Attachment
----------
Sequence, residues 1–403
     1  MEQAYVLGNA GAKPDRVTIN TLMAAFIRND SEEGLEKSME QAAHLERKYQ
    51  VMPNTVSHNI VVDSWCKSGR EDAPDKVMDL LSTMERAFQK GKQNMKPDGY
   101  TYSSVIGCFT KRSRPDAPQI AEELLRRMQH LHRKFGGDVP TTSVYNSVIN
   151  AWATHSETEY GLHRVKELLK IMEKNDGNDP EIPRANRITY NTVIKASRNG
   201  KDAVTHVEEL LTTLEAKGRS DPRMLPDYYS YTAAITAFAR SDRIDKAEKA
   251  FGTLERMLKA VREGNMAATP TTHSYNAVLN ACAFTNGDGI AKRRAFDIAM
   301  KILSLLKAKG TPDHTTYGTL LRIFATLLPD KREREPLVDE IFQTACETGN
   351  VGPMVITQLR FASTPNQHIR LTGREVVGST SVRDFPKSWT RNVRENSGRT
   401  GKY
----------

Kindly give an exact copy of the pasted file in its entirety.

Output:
Sequence, residues 1–403
     1  MEQAYVLGNA GAKPDRVTIN TLMAAFIRND SEEGLEKSME QAAHLERKYQ
    51  VMPNTVSHNI VVDSWCKSGR EDAPDKVMDL LSTMERAFQK GKQNMKPDGY
   101  TYSSVIGCFT KRSRPDAPQI AEELLRRMQH LHRKFGGDVP TTSVYNSVIN
   151  AWATHSETEY GLHRVKELLK IMEKNDGNDP EIPRANRITY NTVIKASRNG
   201  KDAVTHVEEL LTTLEAKGRS DPRMLPDYYS YTAAITAFAR SDRIDKAEKA
   251  FGTLERMLKA VREGNMAATP TTHSYNAVLN ACAFTNGDGI AKRRAFDIAM
   301  KILSLLKAKG TPDHTTYGTL LRIFATLLPD KREREPLVDE IFQTACETGN
   351  VGPMVITQLR FASTPNQHIR LTGREVVGST SVRDFPKSWT RNVRENSGRT
   401  GKY